How transparent should our profession (Teaching) be?

Today’s #AprilBlogaDay post is on the topic of transparency.

Transparent

How transparent should our teaching profession be?

Transparency generally implies openness, communication, and accountability.

I think it is more a question that should read something like, “How involved should every interest group (teachers, parents and students) be when it comes to education.”

Teachers should be transparent and share their students learning. Give parents the place to view, comment, follow along and interact with their child’s learning. This blog is a place where I am being pretty transparent with my thinking about educational topics. You are my audience and are hearing what I think about education of the students I learn with. This gives my audience a chance to interact. Do they? Not really, but I don’t ask them to enough. I need to make this more an expectation to involve themselves in our learning.

Parents should be involved in the learning process. This involvement tends to shrink as their children get older. In Kindergarten, the parents see the learning by students bringing papers, pictures, paintings, etc home and they fill refrigerators with their visible learning! Isn’t that a warm and fuzzy feeling when you think about that? By the middle grades, life gets full, busy, and visible learning has a different (less Fridge-worthy) look to it. The learning needs an audience to connect to. Parents should be active in the learning probably even more than during the early years. Teachers need to make that happen by opening up the classroom walls and making the student work visible and accessible to parents and sometimes to a larger audience. Online gradebooks give the tiniest of glimpses into the learning (%’s and Grades) but what else do they show? Having my students create, blog, show their thinking, and share their thinking with their parents & a broader audience makes their learning more authentic.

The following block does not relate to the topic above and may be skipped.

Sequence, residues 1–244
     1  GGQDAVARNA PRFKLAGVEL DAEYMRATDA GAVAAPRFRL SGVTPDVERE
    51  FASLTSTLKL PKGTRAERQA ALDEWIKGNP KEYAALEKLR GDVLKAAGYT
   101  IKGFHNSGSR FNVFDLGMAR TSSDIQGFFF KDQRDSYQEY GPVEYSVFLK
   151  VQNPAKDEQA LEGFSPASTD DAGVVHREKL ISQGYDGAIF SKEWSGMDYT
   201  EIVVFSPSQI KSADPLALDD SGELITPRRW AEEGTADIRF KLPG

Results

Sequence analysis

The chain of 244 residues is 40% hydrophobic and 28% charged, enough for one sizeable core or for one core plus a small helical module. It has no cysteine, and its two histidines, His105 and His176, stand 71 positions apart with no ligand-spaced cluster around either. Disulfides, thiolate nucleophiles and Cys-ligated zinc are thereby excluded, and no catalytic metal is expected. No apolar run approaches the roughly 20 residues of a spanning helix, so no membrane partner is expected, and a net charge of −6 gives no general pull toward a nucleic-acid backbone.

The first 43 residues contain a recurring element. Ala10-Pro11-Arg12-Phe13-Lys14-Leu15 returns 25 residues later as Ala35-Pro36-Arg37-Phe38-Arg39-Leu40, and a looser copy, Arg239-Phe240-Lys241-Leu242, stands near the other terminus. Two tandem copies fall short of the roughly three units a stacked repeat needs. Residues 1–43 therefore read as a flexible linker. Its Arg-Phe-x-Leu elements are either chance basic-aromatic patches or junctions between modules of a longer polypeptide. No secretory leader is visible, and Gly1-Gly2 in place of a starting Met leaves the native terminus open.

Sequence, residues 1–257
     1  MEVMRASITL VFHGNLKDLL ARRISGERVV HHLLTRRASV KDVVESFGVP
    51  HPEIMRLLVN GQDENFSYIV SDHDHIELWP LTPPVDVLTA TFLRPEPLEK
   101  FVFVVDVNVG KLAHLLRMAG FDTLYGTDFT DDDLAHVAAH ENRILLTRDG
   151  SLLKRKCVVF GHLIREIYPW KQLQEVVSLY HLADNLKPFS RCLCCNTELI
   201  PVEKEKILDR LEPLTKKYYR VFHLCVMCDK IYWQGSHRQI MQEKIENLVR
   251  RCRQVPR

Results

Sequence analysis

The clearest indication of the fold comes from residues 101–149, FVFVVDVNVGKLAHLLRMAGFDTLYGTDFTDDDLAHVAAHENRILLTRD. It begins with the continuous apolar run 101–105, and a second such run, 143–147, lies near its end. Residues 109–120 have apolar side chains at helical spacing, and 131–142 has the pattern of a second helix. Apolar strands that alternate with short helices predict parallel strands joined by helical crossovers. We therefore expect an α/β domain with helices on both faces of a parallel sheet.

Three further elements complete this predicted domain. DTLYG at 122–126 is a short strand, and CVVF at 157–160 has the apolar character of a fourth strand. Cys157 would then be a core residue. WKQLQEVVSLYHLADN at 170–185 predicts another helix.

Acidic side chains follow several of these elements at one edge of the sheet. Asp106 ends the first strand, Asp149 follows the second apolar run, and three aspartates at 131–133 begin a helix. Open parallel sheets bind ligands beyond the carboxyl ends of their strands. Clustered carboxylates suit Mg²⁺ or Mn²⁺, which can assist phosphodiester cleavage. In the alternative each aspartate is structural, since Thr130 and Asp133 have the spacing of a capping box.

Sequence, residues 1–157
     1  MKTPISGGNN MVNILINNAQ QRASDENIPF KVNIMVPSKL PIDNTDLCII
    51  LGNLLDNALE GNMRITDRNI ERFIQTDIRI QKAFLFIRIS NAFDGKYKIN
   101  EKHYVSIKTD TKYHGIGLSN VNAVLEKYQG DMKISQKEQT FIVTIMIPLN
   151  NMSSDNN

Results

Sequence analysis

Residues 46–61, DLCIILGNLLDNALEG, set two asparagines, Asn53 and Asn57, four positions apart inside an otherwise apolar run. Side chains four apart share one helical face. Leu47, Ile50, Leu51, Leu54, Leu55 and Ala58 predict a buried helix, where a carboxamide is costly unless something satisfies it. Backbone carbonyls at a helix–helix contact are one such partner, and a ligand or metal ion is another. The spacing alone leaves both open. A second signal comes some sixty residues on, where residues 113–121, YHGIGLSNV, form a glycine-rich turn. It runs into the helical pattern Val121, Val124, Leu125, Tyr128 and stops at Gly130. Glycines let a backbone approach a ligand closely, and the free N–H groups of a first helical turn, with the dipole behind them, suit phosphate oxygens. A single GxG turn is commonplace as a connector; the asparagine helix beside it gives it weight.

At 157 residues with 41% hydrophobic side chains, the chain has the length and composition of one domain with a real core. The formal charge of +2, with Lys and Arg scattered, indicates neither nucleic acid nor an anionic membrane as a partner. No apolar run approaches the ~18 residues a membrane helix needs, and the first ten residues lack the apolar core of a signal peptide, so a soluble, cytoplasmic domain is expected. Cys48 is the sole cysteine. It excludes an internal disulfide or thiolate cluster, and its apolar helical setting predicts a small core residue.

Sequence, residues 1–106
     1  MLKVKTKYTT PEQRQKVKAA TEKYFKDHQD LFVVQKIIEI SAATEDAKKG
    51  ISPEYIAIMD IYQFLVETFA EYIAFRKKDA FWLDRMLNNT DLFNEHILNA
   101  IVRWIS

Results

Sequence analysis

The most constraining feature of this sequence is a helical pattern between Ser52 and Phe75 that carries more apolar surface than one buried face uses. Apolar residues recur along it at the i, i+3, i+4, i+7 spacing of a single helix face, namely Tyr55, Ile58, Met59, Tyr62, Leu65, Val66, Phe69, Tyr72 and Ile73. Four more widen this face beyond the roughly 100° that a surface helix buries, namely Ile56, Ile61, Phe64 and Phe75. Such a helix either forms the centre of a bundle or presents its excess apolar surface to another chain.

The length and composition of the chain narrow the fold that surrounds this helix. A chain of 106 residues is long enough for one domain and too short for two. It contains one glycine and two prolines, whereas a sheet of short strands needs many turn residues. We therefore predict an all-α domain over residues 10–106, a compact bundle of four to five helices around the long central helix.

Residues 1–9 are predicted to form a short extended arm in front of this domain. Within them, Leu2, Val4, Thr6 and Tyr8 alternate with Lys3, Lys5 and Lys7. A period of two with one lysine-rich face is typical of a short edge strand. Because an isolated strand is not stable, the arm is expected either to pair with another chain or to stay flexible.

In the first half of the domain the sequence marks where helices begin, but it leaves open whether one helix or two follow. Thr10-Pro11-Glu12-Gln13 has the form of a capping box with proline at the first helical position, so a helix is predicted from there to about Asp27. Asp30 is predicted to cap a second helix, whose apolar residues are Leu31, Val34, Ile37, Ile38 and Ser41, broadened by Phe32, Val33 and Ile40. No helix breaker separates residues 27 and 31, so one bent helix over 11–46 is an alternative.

Students should be more and more the center of the learning process. This seems like a silly obvious statement. Rubrics aren’t good enough. They take the ownership of learning from the students and keeps it in the hands of their teacher, who should be more of a “guide on the side.” I need to make rubrics more guides for my students. I have been not using rubrics at all but they have their positive aspects. Rubrics are teachers showing students how to work through the process, but sometimes they show EXACTLY how to do the work, without giving freedom to be Fridgeworthy! That Fridgeworthy work looks different by the middle grades and become “conversation-worthy.” Students are eager to share their thoughts, ideas, confusions, curiosities with parents and teachers. But do we give them that actual time?

In our classroom, we do work that is visible, but not Fridgeworthy enough. I want my students to be able to visibly see their learning and share that with their parents. This is much, oh so much, better than just checking the online grade book to see the % or Letter grade. Our learning is very conversation worthy, but I want them both. This is my biggest challenge.

That is the largest task I am learning, researching, trying, failing quite a bit. But, failure is just failing if you stop trying. I will not stop trying, asking, questioning, and getting feedback to make learning accessible, personal, and worthy of space on either your fridge or your dinner conversation.

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